Pre-Ministerial press conference

by NATO Secretary General Jens Stoltenberg - Secretary General's opening remarks

  • 18 May. 2016 -
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  • Mis à jour le: 18 May. 2016 17:52

(As delivered)

Good afternoon.

We will have the Foreign Ministerial meeting taking place tomorrow and the day after tomorrow. And Foreign Ministers will address several issues which are high on the agenda and which are important for our security.

And let me briefly take you through the agenda and share some thoughts about the most important issues which will be addressed under the different agenda points.

First, Montenegro.

Tomorrow, we will welcome Prime Minister Djukanovic to sign the Accession Protocol.

Following that ceremony, Montenegro will as of tomorrow participate in all NATO meetings as an observer, or “Invitee”.

Once all Allies have ratified the Protocol, Montenegro will become the 29th member of the Alliance.

A clear sign that NATO continues to help build stability and security in the Western Balkans.

Our second meeting will focus on projecting stability in our wider neighbourhood.
This means helping our partners strengthen their own forces, and secure their own countries.

Because this enhances our security here at home as well.

We will discuss what more NATO can do to support Iraq.
We are already training several hundred Iraqi officers in Jordan.

We have received a request from Prime Minister al-Abadi to expand our training mission into Iraq itself. And we will consider this request from Prime Minister al-Abadi.

In the Aegean Sea, NATO ships are helping cut the lines of illegal trafficking and illegal migration.
We are making a real difference, as part of the broader international efforts.
Figures from the UN High Commissioner for Refugees indicate that the average daily arrivals in April were down around 90% from the month before.
And we will explore what more the Alliance could do in the central Mediterranean, in cooperation with the European Union.

We will also talk about Russia, and our policy towards our eastern neighbours.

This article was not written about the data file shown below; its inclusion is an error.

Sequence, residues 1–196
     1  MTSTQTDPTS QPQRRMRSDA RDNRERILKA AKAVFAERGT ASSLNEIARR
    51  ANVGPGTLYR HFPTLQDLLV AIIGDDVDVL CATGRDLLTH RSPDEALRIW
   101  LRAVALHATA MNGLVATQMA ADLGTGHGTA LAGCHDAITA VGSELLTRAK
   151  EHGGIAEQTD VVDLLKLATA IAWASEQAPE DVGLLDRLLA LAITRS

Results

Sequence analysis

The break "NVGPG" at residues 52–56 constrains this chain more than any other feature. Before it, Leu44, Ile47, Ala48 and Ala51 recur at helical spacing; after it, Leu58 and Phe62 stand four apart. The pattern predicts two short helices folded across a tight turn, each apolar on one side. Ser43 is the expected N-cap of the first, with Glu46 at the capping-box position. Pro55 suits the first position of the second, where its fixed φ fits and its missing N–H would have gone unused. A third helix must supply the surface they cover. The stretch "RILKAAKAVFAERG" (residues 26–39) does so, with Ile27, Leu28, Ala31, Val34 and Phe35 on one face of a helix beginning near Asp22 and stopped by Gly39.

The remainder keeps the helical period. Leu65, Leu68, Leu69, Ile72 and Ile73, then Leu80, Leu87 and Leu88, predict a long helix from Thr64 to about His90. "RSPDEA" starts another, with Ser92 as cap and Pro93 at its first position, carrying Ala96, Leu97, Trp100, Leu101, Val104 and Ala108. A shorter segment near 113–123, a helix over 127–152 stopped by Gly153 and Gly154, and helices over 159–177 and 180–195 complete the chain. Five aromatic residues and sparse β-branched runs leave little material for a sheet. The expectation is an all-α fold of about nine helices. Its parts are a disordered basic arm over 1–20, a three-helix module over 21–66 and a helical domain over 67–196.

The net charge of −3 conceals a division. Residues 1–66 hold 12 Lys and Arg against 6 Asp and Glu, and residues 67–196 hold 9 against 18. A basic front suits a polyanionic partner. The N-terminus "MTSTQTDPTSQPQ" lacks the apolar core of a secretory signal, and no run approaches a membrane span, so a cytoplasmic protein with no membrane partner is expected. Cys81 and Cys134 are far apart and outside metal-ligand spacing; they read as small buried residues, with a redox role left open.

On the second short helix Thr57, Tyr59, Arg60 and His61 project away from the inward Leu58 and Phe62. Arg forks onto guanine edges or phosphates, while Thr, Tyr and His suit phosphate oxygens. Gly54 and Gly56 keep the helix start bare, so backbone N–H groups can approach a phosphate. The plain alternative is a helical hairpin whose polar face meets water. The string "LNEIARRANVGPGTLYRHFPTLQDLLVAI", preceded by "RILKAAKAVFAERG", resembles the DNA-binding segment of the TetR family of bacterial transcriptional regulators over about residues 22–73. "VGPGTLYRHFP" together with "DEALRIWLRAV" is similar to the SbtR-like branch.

Our approach to Russia combines strong defence and deterrence with dialogue.

We have already decided to enhance our forward presence in the eastern part of our Alliance.
Our military planners have put forward proposals for several battalions in different countries in the region.
No decision has been taken on the numbers and locations.
But we are now considering the scale and the scope of our presence in the east.

NATO is a defensive Alliance. And we will do what it takes to defend our citizens. In a responsible and proportionate manner. And in accordance with our international obligations.

At the same time, we continue to strive for more transparency in our relationship with Russia on military matters and reduce the risks of incidents or accidents spiralling out of control.

NATO does not seek confrontation. It is in everyone’s interest to avoid a new arms race.

On Friday, we will focus on NATO-EU cooperation.

The Foreign Ministers of Finland and Sweden, two of NATO’s closest partners, will join us.

NATO and the EU face unprecedented security challenges.
To address them, we are working closer together than ever before.

But we need to do more.

We will discuss how to take our cooperation with the EU to a new level at the Warsaw Summit.
This could include a statement expressing our will to work even more closely together on hybrid threats, maritime and cyber cooperation and on other areas; Playbooks for dealing with a range of hybrid warfare scenarios, to help speed up decision making and clarify in advance who does what.
And linked NATO-EU exercises to test our reactions to an emerging hybrid threat.
Finally, we will discuss our future support for Afghanistan.
Including plans for our Resolute Support mission, and continued financial support for the Afghan security forces.

Our Ministerial meeting will begin exactly fifty days before we meet at our Summit in Warsaw.

The decisions we take at this Ministerial meeting will help pave the way to the Summit.

At the Summit, we will take the necessary decisions to protect our citizens at home and to project stability beyond our borders.

And with that I am ready to take your questions.